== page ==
Memorial Quilt: Coats & Kilts – Quilt #3

This is the 3rd quilt that I made for a family of three sisters and one brother from a box of childhood
coats & kilts that their mother had collected. You can view the first quilt here and the second quilt here.

This is the 3rd quilt I finished – it is another Drunkards Path pattern.

But I hope I have given the traditional pattern a little twist. I quilted this quilt in straight lines using blue, red & white threads – I tried to mimic a sort of tartan pattern in terms of the lines placement & order.

 

I have had several people tell me recently that straight lines are perceived to be simple – but let me assure you – straight lines – in any direction – with any machine – are not at all easy and anyone who can pull off perfect straight lines – line after line after line – gets my award of quilting valor. So while my straight lines might not be 100% perfect – I do think the idea of quilting a tartan quilting design ontop was accomplished.

 

 

 I also sewed all the different the buckles from all the kilts back onto the quilt. 

For me personally – completing this particular quilt was a huge effort and lesson for me in persistence and trusting an idea or vision. I was so pleased with how the top turned out with all the fabrics blending into one another …

 

… but then there was a little hiccup.  Part way through this quilt I had an ‘oh no I think I’m making a horrible mistake moment’ AND the timing on my machine went AND I had my thyroid removed. The afternoon I got back from hospital my lovely handiquilter dealer was there in my bedroom fixing the timing on my machine while I snored off the results of my sleep deprived hospital night and the rather long lasting results of the anesthetic (utterly embarrassing.) And the next morning I was up continuing the straight lines – still unable to speak or drink any liquids. It was a tough couple of days – but I kept on quilting lines – and gradually my initial vision began to come together & now I am really pleased with this result. I really love the buckles on the quilt (I hope the family do too!)  I suspect they might have been discarded otherwise and as this quilt is for the only brother in the family – I like the masculine edge the buckles give the quilt.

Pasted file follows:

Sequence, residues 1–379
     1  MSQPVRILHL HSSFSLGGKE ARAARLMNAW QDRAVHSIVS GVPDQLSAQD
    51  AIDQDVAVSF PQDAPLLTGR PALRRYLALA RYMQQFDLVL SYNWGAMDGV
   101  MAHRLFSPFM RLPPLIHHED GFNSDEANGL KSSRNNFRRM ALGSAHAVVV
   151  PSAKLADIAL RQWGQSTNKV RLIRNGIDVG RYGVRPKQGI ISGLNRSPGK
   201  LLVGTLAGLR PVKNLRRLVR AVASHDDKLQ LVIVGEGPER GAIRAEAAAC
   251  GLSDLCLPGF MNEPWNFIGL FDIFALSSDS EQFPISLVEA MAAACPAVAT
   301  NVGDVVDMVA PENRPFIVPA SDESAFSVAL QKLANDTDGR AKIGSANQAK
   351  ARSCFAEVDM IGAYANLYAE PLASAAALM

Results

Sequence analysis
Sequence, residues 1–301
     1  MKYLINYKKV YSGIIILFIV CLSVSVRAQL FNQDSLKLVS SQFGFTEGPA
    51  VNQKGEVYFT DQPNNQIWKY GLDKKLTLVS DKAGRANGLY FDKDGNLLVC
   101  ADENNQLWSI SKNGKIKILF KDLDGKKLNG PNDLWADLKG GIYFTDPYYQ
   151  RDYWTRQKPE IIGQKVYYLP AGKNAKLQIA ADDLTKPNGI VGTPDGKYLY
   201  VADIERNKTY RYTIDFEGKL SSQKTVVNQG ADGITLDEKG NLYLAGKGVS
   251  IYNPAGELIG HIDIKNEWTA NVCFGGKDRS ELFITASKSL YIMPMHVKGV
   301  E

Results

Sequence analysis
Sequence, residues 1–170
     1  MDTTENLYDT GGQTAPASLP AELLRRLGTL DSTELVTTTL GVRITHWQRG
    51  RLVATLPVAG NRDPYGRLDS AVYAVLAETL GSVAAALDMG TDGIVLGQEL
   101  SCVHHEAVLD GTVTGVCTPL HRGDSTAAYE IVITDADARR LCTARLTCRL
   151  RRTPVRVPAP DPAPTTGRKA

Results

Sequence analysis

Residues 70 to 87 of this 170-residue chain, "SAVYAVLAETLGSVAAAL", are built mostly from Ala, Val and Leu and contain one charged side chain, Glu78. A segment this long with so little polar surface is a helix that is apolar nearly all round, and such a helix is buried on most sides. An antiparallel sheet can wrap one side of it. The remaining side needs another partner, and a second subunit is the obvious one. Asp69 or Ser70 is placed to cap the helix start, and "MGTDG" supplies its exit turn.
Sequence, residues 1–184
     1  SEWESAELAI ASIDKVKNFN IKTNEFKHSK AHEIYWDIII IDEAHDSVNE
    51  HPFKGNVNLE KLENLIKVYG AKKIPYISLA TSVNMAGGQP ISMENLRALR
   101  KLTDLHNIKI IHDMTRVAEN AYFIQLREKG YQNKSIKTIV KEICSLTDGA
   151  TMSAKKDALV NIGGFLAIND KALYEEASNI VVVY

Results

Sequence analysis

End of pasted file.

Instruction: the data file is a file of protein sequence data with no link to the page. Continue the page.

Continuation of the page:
And this quilt has my favorite bit out of ALL the four quilts on this quilt. A large kilt pin in the bottom right corner!!

Memorial Quilt: Kilt & Coat Quilt #1

I have been working on these quilts – four in total – for a long time. I am excited to share the results with you.

The quilts are made from kilts and coats that were in the families mothers attic. There were kilts, coats & traditional Irish dresses from their childhood. The fabrics, textures and colors were bright and beautiful – a mixture of wools, velvets, cotton (and maybe some mystery blends.)

I decided to add some white flannel to all the quilts – flannel because it is soft and snuggly – but also because it compliments and blends into the texture of the wool kilts and coats. All the squares were cut to 2.5″x2.5″ and are 2″x2″ finished.

I was very careful when I took the clothes apart to preserve all the details. I took the ribbon off and reattached it to strips of flannel to use as squares. I didn’t want to waste any ribbon detail so there is a button hole included in one block.

I left some trim and lace on in some places. I love how you discover something new in every square.

The center of this quilt is a panel from a blue cotton summer dress.

I used most of the rest of this blue cotton dress in the diagonals lines of the triple Irish Chain pattern. I added some matching blue flannel so that I had enough of the same color to complete the pattern.

In the center of each chain is a flower ….

… which is surrounded by tiny pebbles. Would you believe me if I told you each flower took me 1hr to complete?

 

The border of the quilts is taken from the blue velvet in this dress ….

… I LOVE quilting velvet. It is gorgeous to work with.

The binding is made from an old school uniform.

And I love the back. (I couldn’t decide which photo I liked the best ….)

 

AND just to remind you of what some of the different materials started as …

 Childhood wool coats

 

13 wool kilts

This is the first of four quilts I completed for the family.

 

For me there are several really exciting moments in a project like this – being given the work is such a tremendous tremendous honor – the moment you load the finished top on the machine is so exciting – then finishing the quilting is even more exciting – and finally when you hand the materials back to the family as a finished quilt – that feeling is just something else.